Motorists who exceed their legal limit for demerit points are continuing to drive for years before having their licences suspended.
The long waits are being criticised by motoring advocates who say the suspension needs to be timely and enforced within days of the breach.
The longest time the Transport Agency waited before suspending a driver's licence was 1412 days in Wanganui - nearly four years - followed by 1171 in New Plymouth and 1133 in Manukau City.
It took 1006 days for an Auckland driver to lose his or her licence through demerit points, according to information provided to the Herald under the Official Information Act.
Demerit points are accrued by certain driving offences including speed, with the exception of speed cameras, mobile phone and alcohol-related offences, and a licence can be suspended for three months once 100 or more points are accumulated in any two-year period.
A suspension cannot be served once a driver's most active demerit points are more than two years old. However if the driver continues to offend before being served with a suspension notice and the total number of active demerit points does not drop below 100 then the driver will remain wanted.
AA motoring affairs manager Mike Noon was surprised at the delays. "If you've exceeded your demerit points then from our perspective you should be contacted and advised of that and that should be timely. And that's not months or years later."
Under the current process drivers receive a written warning when they reach 50 active demerit points, but are notified they have accumulated 100 points only when the suspension notice is served in person.
Mr Noon said offending drivers should be sent a notice advising them they had exceeded the limit and then be given a set number of days to surrender their licence. Road safety campaigner and Dog and Lemon Guide editor Clive Matthew-Wilson said the system was a shambles. Anyone who exceeded their points limit should lose their licence physically within seven days.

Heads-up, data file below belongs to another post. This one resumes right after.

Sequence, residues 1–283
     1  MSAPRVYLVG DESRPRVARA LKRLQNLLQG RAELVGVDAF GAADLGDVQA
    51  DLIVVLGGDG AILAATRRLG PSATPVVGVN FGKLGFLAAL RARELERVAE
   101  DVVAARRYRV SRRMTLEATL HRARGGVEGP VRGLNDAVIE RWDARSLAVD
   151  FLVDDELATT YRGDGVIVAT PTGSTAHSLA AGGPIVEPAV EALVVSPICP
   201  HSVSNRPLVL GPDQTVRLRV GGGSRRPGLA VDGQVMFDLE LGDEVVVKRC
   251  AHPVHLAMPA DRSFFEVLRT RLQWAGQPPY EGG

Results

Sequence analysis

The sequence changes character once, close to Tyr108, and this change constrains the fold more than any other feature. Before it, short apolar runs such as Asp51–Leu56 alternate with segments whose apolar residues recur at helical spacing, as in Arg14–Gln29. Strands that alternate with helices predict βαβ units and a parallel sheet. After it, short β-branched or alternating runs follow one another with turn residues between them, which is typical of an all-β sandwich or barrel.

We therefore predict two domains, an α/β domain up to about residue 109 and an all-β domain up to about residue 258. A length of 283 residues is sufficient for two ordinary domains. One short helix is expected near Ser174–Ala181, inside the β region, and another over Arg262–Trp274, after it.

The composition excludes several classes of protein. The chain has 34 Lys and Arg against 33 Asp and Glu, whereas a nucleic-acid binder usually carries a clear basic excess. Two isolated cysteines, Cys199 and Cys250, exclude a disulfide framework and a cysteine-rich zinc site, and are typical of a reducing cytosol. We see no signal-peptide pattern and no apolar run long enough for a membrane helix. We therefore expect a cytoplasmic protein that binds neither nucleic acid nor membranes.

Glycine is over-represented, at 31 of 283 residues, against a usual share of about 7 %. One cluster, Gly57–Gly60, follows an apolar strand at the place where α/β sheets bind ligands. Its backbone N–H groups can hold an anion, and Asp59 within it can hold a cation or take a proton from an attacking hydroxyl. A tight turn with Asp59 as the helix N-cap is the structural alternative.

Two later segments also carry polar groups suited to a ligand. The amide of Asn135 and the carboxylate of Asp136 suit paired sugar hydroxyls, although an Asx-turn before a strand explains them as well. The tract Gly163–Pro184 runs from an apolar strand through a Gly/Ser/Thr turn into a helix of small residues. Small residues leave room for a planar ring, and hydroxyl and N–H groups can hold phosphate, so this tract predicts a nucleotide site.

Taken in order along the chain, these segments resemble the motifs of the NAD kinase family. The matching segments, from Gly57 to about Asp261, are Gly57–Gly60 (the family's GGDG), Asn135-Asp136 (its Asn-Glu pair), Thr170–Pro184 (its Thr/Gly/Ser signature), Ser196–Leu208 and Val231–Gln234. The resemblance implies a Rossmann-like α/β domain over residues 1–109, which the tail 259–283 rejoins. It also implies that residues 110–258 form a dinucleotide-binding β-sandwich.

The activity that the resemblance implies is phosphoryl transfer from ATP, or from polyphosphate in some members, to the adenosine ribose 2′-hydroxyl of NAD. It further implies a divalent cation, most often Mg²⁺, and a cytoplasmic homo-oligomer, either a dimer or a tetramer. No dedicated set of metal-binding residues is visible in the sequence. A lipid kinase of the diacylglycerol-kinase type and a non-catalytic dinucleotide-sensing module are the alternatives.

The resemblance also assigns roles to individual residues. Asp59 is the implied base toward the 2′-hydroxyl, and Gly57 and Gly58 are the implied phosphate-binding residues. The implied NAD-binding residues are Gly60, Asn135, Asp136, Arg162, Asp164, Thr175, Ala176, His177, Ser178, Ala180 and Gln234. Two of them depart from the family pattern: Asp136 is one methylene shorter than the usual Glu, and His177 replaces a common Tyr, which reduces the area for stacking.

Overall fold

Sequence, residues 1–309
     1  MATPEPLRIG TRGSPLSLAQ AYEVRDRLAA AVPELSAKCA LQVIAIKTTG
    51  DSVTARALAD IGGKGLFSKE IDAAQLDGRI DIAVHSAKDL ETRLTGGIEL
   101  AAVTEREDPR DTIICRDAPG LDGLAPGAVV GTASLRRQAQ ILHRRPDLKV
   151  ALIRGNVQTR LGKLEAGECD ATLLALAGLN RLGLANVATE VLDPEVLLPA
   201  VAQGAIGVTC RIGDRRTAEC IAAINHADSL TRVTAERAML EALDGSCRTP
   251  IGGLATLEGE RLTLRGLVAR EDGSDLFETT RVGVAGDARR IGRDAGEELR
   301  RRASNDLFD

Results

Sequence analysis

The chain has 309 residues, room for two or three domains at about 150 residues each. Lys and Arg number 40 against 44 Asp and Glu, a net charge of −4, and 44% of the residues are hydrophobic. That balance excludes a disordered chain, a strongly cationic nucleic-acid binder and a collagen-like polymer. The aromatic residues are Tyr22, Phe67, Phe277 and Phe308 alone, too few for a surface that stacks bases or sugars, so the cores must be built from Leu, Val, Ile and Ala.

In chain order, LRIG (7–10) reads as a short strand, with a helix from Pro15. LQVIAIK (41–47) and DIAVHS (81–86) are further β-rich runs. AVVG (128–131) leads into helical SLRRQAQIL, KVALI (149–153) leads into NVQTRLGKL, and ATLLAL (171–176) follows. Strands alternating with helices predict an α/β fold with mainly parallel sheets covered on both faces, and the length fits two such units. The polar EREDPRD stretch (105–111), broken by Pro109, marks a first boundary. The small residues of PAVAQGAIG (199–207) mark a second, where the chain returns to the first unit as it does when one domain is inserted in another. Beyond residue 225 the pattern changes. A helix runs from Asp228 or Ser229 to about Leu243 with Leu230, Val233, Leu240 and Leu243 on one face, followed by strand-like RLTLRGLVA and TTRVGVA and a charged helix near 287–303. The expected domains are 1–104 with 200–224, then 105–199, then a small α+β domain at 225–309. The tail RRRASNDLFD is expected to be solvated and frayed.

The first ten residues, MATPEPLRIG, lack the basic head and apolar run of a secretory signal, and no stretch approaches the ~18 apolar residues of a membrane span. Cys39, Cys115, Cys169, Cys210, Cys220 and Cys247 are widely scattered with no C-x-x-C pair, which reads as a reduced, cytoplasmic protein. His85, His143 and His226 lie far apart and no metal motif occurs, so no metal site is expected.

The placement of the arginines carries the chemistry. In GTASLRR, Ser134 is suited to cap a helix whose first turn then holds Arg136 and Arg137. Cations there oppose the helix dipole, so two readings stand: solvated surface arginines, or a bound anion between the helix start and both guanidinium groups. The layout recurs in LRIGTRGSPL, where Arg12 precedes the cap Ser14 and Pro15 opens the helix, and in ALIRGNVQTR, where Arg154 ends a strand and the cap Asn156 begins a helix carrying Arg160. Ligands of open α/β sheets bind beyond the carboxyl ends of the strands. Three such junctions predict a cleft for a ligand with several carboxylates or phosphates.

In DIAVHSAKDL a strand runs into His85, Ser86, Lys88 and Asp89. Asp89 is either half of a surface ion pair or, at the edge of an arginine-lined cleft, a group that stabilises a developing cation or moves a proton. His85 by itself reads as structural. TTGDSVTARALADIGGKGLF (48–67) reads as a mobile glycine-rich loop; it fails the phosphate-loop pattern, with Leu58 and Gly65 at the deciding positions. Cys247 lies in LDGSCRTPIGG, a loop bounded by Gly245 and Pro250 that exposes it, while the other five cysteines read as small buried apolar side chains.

NZTA spokesman Andy Knackstedt said there were many reasons why delays occurred in serving a notice, including people not wanting to be found.
No warning before licence confiscated
An Auckland mother-of-two had her driver's licence taken off her for exceeding demerit points 21 months earlier.
The solo mum was out when two police officers arrived on her doorstep at 8pm last October. Worried, she visited her local police station the next morning, where the officer asked for her licence before confiscating it immediately.
The sales representative said she had no idea she had even exceeded 100 demerit points nearly two years earlier and would have appreciated some warning to make arrangements.
She called a friend in a panic who collected her because she could not drive home. She then called a lawyer to help her obtain a work licence as soon as she could.
"It's my fault getting the demerit points, I'm not opposed to that but it's just the way they did it - just like that. You don't get time to even think about it, no prior warning, no nothing."
The woman was last pulled over by a police officer in January 2012 for speeding while in Matamata for work because she had not seen a sign indicating a change in speed zones. She received a fine and incurred 20 demerit points.
She said the officer never told her she had exceeded 100 points and she never received a letter from police or NZTA.
*NZTA sends a letter to driver warning them they have reached 50 demerit points.
*Suspension notice served once the driver has reached 100 demerit points.
*Suspension cannot be served once the most active demerit points are more than two years old. If the driver continues to offend before being served with a suspension notice and the total number of active demerit points does not drop below 100 then the driver will remain wanted for a suspension.